Traffic on the highway!

Self-knowledge & Self-acceptance

A traffic jam is an incantation. A traffic jam is an explanation. There is no need to further describe what this means. Try to calculate how many times a week you will not only find yourself in a traffic jam during your journey, but also how many times you will use ”traffic jam” in your explanation of the journey. The traffic jam comes to serve as an apology. For a delay, for a bad mood, for a change in behaviour, for a reluctance to talk. You say, "I'm stuck in traffic" and you don't have to explain further. The term “traffic jam” will provoke a completely identical reaction in all of us.

We're in this together.

Try to remember the last time you found yourself in a traffic jam that thwarted your plans. Maybe it was this morning, on the way to work. Maybe you're in it right now, so you have time to read this article. 

A traffic jam does something interesting to us. While each driver is individual and behaves differently on the road, this is not the case in a traffic jam. We all behave the same there. Everything stops and it doesn't matter where we're going, how fast we need to be there, how much time we have or what our goal is. Suddenly it doesn't matter. None of these considerations apply anymore, and everything suddenly submits to slowing down or even stopping our journey altogether. And like a wave of a magic wand, we are all involved. There is nothing we can do but wait.

How does it feel?

Helplessness. This is the thin red emotional line that connects all the vehicles in the traffic jam. We can't do anything, we can't influence anything, we can't get out of place. Helplessness is one of the most challenging emotions we face in life. Usually, there are no coping strategies that we can pull out of our defence register to relieve us. We can't do anything. And reconciling with NOTHING is extremely difficult. Our psyche usually responds to helplessness with a different emotion. Just as we do anything to avoid the traffic jam, our psyche will do anything to avoid helplessness. Some replace it with rage. And so, they get upset in traffic, honk their horns, gesture nervously, and some even get out of the car. Some may respond in the opposite way, with fear or regret: "I had it so nicely planned, and I won't make it again, whatever." We can also observe feelings of guilt: All these emotional expressions are actually perfectly fine. It would be strange to have no emotions when something surprises us or while encountering an obstacle.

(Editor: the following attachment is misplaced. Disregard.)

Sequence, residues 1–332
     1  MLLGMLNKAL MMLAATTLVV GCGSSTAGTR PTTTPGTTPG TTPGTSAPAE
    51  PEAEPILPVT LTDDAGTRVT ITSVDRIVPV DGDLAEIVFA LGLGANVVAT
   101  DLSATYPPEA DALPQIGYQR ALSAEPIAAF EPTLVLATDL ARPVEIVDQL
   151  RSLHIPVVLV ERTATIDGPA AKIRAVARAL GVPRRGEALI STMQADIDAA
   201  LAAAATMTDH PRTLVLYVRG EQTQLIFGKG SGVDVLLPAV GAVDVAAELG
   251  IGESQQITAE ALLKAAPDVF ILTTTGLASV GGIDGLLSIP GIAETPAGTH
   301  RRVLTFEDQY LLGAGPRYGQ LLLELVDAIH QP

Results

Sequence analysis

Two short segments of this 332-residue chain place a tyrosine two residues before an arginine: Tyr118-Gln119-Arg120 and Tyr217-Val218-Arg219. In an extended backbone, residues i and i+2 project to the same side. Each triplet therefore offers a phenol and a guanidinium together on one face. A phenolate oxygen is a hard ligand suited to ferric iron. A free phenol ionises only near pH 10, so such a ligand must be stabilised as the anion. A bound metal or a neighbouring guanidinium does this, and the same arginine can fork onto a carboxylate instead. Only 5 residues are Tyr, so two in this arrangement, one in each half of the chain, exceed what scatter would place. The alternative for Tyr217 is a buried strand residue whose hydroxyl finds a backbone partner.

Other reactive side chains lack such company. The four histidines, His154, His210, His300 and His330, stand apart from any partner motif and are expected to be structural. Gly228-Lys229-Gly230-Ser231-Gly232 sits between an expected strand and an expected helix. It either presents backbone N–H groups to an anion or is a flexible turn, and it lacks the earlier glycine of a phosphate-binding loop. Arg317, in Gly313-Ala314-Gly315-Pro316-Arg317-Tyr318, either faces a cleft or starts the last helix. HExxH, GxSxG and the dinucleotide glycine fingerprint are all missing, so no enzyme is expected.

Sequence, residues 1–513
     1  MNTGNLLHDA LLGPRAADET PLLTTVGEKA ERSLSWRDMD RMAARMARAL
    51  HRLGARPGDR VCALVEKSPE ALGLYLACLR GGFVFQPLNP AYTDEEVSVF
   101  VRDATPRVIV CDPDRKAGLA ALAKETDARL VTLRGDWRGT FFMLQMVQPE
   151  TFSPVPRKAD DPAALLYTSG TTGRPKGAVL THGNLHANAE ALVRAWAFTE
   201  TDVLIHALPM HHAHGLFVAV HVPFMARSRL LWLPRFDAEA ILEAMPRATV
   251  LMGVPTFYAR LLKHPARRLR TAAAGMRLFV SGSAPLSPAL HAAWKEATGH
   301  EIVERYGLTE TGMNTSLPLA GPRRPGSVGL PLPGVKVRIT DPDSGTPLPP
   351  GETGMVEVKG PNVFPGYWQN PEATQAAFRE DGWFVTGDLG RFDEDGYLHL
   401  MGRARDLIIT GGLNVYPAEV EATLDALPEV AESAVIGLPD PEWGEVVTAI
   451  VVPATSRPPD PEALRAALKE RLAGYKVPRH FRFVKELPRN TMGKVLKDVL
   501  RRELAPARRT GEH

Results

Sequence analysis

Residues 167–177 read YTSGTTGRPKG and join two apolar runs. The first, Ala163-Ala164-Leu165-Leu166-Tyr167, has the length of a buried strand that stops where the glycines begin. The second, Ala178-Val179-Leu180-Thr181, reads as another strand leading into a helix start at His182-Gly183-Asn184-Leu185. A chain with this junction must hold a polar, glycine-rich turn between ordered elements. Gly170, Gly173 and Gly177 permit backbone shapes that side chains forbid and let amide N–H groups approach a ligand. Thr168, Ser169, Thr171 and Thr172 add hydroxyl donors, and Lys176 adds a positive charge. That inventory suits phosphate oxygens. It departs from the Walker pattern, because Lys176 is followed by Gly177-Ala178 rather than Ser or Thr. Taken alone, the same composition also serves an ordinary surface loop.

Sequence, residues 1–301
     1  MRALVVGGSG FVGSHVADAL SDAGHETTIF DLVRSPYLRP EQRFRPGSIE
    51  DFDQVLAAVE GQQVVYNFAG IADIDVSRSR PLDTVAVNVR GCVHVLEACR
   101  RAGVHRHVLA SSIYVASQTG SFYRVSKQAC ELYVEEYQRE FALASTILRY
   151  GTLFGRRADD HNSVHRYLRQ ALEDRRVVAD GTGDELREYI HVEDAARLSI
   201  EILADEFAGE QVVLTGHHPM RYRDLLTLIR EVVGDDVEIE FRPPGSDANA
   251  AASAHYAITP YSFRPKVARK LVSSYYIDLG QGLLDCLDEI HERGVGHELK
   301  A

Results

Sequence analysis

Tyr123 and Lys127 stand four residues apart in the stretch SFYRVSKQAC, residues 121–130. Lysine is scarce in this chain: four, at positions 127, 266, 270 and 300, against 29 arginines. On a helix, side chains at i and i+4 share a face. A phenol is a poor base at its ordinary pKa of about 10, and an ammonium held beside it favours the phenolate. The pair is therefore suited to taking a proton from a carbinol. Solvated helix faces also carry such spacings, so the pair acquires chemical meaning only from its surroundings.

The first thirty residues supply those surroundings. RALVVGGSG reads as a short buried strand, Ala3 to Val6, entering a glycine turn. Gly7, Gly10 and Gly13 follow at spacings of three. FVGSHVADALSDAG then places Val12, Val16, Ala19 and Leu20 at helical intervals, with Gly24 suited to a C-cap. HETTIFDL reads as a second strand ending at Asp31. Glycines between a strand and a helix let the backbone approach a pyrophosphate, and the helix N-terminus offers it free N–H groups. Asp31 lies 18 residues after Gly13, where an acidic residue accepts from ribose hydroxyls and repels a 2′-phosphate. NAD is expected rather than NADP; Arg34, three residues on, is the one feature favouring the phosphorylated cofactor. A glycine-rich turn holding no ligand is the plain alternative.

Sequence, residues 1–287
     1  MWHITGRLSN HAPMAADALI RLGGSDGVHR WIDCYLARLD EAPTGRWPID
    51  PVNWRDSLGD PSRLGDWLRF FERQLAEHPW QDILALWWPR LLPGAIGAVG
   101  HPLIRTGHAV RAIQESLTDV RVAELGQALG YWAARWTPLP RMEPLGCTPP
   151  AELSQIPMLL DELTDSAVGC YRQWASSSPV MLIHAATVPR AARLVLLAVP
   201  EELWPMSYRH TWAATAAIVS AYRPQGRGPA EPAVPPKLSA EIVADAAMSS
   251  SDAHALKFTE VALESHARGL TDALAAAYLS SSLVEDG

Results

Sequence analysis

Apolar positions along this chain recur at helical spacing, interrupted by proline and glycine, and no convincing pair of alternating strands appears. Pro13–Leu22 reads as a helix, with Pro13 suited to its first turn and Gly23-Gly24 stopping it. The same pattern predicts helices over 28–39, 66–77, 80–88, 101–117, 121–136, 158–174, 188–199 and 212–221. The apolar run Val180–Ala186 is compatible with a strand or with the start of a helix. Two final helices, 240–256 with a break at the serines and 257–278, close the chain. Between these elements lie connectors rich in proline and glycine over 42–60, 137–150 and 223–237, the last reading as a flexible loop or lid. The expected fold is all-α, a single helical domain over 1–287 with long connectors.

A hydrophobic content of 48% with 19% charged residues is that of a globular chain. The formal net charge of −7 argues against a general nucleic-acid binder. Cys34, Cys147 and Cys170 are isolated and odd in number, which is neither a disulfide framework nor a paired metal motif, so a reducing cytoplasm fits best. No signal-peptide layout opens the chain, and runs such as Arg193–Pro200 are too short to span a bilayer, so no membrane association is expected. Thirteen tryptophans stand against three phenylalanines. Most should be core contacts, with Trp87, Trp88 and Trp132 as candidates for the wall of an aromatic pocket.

My emotions - my thing.

Whatever we experience in the traffic jam, the emotions are ours and we have a right to them. And we've probably had the experience that even the longest traffic jam will eventually start moving. So, we can pass this experience on to helplessness.

We hope that even the most helpless situation in our lives will eventually find direction and movement in other, not so demanding emotions. And for our psyche to survive, just as we do in the traffic jam.

Author: Veronika for Amy
Photo: Shutterstock